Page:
Abstract

A backprojection method is applied to the 27 February 2010 Mw 8.8 and 25 March 2012 Mw 7.1 Maule, Chile, earthquakes using high‐frequency (0.8–2 Hz) USArray data. During the 2010 event, highest energy release occurred north of the epicenter, with two subevents comprising this rupture. The gap between these subevents was about 100 km and 15 s, suggesting that P waves from the first subevent dynamically triggered the second subevent. This triggering can be explained as a consequence of stopping phases generated at the terminus of subevent 1, as the rupture encounters a region of low interseismic coupling. This argument is supported by the occurrence of the 2012 Mw 7.1 event, which is the largest interface earthquake since the 2010 mainshock and ruptured an area that completely filled the gap left from the mainshock. Seismic gaps, regions between the slip areas of past giant earthquakes, are known to have a higher potential for generating future large events. The results of this study show that a coseismic gap behaves similarly, and detailed imaging of rupture propagation can be used to identify areas that may produce large earthquakes. A comparable coseismic gap to the 2010 Chile gap is identified for the 2011 Mw 9.0 Tohoku, Japan, earthquake that may be the site of a large event in the near future.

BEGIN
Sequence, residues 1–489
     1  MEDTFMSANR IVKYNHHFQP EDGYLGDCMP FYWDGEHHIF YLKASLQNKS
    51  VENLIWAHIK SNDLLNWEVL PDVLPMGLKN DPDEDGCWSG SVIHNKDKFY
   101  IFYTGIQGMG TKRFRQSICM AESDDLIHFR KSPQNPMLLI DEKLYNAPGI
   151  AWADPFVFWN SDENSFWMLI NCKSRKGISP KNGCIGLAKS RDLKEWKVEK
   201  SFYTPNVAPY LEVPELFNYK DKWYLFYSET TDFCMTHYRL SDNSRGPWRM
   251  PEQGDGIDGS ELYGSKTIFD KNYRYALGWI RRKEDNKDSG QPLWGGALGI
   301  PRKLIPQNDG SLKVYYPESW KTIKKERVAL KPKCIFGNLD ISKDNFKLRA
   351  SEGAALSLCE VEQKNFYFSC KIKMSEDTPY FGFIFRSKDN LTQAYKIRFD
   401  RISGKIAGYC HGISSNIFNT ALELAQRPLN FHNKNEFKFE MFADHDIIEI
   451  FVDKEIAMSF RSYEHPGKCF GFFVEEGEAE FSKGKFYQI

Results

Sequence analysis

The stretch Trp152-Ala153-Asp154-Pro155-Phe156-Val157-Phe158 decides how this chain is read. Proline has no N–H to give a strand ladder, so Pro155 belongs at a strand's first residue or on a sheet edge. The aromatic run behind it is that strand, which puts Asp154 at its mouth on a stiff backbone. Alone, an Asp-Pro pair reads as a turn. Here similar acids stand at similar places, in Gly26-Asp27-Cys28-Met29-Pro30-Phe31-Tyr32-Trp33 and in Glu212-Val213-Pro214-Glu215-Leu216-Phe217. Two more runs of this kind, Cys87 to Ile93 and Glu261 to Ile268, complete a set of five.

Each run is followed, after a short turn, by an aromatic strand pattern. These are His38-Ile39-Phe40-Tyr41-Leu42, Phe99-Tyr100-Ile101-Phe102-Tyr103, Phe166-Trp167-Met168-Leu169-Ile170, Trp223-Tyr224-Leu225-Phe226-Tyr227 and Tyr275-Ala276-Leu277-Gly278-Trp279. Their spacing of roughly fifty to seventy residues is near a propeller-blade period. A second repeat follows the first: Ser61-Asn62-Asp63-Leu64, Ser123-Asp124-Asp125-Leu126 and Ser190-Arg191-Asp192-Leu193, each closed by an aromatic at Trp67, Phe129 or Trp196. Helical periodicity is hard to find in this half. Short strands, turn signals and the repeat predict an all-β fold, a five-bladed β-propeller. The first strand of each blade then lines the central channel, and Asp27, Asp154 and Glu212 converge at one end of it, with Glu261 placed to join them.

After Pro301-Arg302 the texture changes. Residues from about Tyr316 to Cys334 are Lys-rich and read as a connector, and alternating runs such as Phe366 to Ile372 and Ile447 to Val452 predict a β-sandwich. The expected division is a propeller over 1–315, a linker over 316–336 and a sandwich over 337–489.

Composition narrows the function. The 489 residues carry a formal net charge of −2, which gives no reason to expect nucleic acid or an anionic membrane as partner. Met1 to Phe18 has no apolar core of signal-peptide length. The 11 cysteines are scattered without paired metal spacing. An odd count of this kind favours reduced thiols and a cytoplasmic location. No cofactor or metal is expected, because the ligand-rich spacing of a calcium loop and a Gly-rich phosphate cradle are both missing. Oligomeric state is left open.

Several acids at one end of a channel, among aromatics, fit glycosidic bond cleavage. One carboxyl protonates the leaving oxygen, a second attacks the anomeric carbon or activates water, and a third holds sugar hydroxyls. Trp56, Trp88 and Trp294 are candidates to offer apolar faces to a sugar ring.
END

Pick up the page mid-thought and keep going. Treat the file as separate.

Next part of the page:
Online Material: Figures showing point source synthetic tests for the back projection method, station location, and distribution of energy release.

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